2014 Financial Goals

To keep me honest but also focused I post my financial goals on My Own Advisor.  One thing I’ve learned over the years is I have a much better chance at realizing my goals if I write them down and keep them visible.  This blog is an enabler for that.

Last year, we accomplished all our financial goals.  Here’s a recap of what and where we saved:

  • Put $300 lump sum payments on our mortgage every month ($3,600).
  • Make a healthy contribution to one TFSA ($8,000).
  • Save for a take and take a great trip ($4,000).
  • Do not incur any new debt in the process.

This year, our major goals remain the same (continue to kill debt, save money and invest money).   Spending less than you earn and paying yourself first are the foundations of financial freedom, a position we hope to be in around our late-40s if possible.  Over the last few years, our savings rate has increased which has allowed us to purchase more investments in our portfolio.  A higher savings rate will accelerate this goal.  Life is also for the living so money saved in 2014 beyond these goals will likely go to entertainment and travel and updates for the house.

Here are our 2014 financial goals and how we’re going to get there.

  • Continue putting $300 lump sum payments on our mortgage every month ($3,600).

We will accomplish this by keeping existing mortgage payments the same.  By making prepayments automatic we should have little incentive to spend the money we never see.  I’ve also learned that debt could be considered borrowing from your future self.  The bank just happens to be the middleman in the process.  By taking advantage of our low borrowing rate we’ll kill debt sooner than later.

  • Maximize both Tax Free Savings Accounts (TFSAs) ($11,000).

We will accomplish this by moving some non-registered money from my account to my TFSA.  This is not really saving money per se, more like a swap of monies already saved.  We will however need to save $5,500 for my wife’s TFSA that will likely take a good 6 months to do so.  We will do this by making automatic contributions each week to our joint savings account and then transferring money from there to the TFSA.

  • Increase each Registered Retirement Savings Plan (RRSP) by $200 per month ($4,800)

By making more small changes in 2014, such as lowering our heating bill, negotiating our cable services, avoiding an abundance of take-out food, shopping with a purpose and avoiding impulse buys I think we’ll be able to find more savings this year.  Those savings will be directed to  our RRSPs.  We currently contribute a few hundred bucks a month to our RRSPs.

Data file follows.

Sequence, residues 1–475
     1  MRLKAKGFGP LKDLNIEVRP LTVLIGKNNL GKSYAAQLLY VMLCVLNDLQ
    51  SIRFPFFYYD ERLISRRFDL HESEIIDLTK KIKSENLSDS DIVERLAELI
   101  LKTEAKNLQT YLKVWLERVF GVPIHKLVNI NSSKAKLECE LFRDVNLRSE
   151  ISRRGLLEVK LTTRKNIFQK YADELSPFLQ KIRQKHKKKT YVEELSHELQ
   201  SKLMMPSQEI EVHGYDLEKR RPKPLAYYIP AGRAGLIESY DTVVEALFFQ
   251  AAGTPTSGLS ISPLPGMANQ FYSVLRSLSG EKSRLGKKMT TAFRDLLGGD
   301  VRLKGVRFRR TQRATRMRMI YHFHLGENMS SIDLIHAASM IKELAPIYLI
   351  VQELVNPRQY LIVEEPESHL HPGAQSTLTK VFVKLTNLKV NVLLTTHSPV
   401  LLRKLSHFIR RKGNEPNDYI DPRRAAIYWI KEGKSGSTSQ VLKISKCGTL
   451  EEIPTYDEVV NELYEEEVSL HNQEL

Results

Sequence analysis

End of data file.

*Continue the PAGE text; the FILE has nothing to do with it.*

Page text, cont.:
On the topic of RRSPs, we tend to optimize and not maximize these accounts.  This is largely because we have competing priorities (paying down mortgage debt, making TFSA contributions and enjoying life).  Based on some early calculations, because we intend to get a small tax refund back in 2014, we’ll likely reinvest the refund back into our RRSPs.  I’ll write a post about our intentions and some other considerations for your tax refund later this winter.

So, that’s about it.  Three simple goals with the same expectation as last year, do not incur any new debt.   Hopefully we can achieve all of them and have some fun in the process.

Got any comments for our 2014 financial goals?  Should we prioritize one thing over the other?

4 Responses to "2014 Financial Goals"

  1. Great set of goals Mark! They definitely the SMART criteria. My goals for the year include a more global “increase net worth by $50,000 through savings and debt repayment.” I’m thinking now that I should have been more specific like you’ve been. Ie detail the actions that will get me to that net worth increase. Best of luck on your 2014 goals.

  2. I’d love to reach all of YOUR goals, as well as mine, haha. You have some great goals. We plan to start increasing our mortgage payments even more in 2015, but in 2014 we are paying for our wedding and an amazing honeymoon and will likely be struggling just to save extra.


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